Tent Encampment In Texas Holds Detained Immigrant Children
STEVE INSKEEP, HOST:
In the border town of Tornillo, Texas, a long white tent has been pitched in an unusual location - the international port of entry. It's right by the border. This shelter now houses around 100 detained migrant boys who were accused of crossing into the United States illegally. More boys are expected to be housed at that facility as the week goes on. From El Paso, KQED's John Sepulvado reports.
JOHN SEPULVADO, BYLINE: This white industrial tent is surrounded by barbed wire in the middle of the northern Chihuahuan Desert. Inside - 16- and 17-year-old boys, boys who, once a day, go outside to play soccer. And over the weekend, I tried to take a picture of a soccer game on an adjacent farm more than 200 yards away.
(SOUNDBITE OF SHUTTER CLICK)
UNIDENTIFIED PERSON #1: You are trespassing on private property. Law enforcement will be responding to your location.
SEPULVADO: That's as close as I got to getting comment from the federal government. Guards, gates and secrecy are keeping much of what's happening in those tents a mystery. U.S. Health and Human Services operate the facility. Customs and Border Patrol guard it. Neither agency is answering questions, and that's been frustrating for Texas State Representative Mary Gonzalez, a Democrat. Without any idea of what's happening, Gonzalez says her imagination ran wild, picturing heat-exhausted toddlers living under tarps.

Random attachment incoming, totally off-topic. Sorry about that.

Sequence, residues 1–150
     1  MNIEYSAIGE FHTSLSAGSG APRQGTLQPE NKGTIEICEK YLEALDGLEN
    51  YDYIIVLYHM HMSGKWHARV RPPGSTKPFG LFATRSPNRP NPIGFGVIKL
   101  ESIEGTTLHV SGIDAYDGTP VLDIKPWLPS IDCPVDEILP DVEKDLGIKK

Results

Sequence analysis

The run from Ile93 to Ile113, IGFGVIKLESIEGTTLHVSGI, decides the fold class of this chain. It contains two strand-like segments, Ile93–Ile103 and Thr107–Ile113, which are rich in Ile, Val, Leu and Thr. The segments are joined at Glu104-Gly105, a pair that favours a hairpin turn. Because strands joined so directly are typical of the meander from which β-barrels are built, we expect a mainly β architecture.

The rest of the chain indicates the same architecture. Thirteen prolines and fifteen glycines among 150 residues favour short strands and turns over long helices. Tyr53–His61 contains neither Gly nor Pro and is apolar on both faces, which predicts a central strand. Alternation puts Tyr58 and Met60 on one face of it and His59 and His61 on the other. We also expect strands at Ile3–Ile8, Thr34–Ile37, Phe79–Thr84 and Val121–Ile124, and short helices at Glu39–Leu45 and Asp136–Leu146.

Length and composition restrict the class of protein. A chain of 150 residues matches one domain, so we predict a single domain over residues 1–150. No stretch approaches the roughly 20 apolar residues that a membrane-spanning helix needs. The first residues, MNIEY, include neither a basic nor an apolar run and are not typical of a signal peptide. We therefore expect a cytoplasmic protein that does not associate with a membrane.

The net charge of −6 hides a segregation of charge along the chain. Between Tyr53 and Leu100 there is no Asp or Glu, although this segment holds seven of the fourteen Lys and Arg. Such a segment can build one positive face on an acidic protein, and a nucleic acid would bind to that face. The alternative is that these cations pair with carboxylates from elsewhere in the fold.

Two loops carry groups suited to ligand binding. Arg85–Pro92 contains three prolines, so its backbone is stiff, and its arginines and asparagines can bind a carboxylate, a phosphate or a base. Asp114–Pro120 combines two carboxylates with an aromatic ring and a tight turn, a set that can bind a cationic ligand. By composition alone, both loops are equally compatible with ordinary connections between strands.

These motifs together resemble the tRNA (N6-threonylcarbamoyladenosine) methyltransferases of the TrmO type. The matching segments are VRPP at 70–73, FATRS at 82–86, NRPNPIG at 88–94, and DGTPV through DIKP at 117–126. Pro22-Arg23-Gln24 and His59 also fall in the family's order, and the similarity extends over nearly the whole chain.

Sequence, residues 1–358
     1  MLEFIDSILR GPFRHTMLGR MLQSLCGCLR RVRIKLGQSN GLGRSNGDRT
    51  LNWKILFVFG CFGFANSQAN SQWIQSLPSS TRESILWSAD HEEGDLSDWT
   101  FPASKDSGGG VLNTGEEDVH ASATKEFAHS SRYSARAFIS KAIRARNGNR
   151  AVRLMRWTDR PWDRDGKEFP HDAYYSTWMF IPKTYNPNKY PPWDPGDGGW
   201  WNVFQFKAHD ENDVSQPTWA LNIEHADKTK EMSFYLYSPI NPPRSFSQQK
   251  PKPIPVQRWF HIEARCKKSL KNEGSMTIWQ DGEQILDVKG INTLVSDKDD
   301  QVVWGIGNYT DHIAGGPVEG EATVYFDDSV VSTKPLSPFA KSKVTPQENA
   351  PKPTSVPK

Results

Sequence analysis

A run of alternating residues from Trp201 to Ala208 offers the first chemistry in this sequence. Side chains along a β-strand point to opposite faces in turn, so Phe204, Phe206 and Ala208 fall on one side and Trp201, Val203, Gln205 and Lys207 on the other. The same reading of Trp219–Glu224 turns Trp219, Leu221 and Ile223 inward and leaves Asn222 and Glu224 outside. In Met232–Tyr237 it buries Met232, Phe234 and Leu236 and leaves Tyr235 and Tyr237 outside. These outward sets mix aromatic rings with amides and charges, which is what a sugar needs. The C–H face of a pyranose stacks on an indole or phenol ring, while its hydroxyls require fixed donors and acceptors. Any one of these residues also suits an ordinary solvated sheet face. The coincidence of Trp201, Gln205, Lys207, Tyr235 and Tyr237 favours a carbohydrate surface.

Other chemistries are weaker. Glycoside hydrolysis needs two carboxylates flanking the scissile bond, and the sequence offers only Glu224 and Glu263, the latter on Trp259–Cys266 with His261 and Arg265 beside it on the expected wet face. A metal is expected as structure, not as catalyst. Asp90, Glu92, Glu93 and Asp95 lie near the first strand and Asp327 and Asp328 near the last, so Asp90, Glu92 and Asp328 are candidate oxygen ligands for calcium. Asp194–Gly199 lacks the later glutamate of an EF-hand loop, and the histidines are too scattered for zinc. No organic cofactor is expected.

MARY GONZALEZ: So when I walked in, my first question is, how are the kids being treated, and what do the kids need?
SEPULVADO: And what Gonzalez found was that this long white tent has rooms, each holding 20 kids. And the tents are air conditioned.
GONZALEZ: There is medical facilities, doctors 24 hours a day. I felt the kids were at least safe.
SEPULVADO: Now Gonzalez's biggest worry is whether the kids are getting legal advice. Tornillo, Texas, is a town of dirt roads and farmland, not lawyers and investigators. Gonzalez says legal help is needed to help get these teenagers freed. And even some who can get lawyers often cannot find their parents.
(SOUNDBITE OF MUSIC)
UNIDENTIFIED PERSON #2: (Speaking Spanish).
SEPULVADO: That is the hold message on a phone line for families trying to find each other. It can take as long as 12 minutes just to talk to an operator. And this whole story of separation - the tents and the legal worries and the frantic, frustrating search for family members - is driving big protests in the small town.
(SOUNDBITE OF PROTEST)
UNIDENTIFIED PROTESTER: (Chanting, unintelligible).
UNIDENTIFIED PROTESTERS: (Chanting, unintelligible).
SEPULVADO: Whether the teenagers in the tent could hear the emotion and anger at this protest is unknown, but it seems unlikely. That's because about 300 yards away from the tent, I heard audio of the World Cup playing from loudspeakers. The announcers, it should be noted, were speaking in English. For NPR News, I'm John Sepulvado in El Paso.
(SOUNDBITE OF CHICANO BATMAN'S "AREA C") Transcript provided by NPR, Copyright NPR.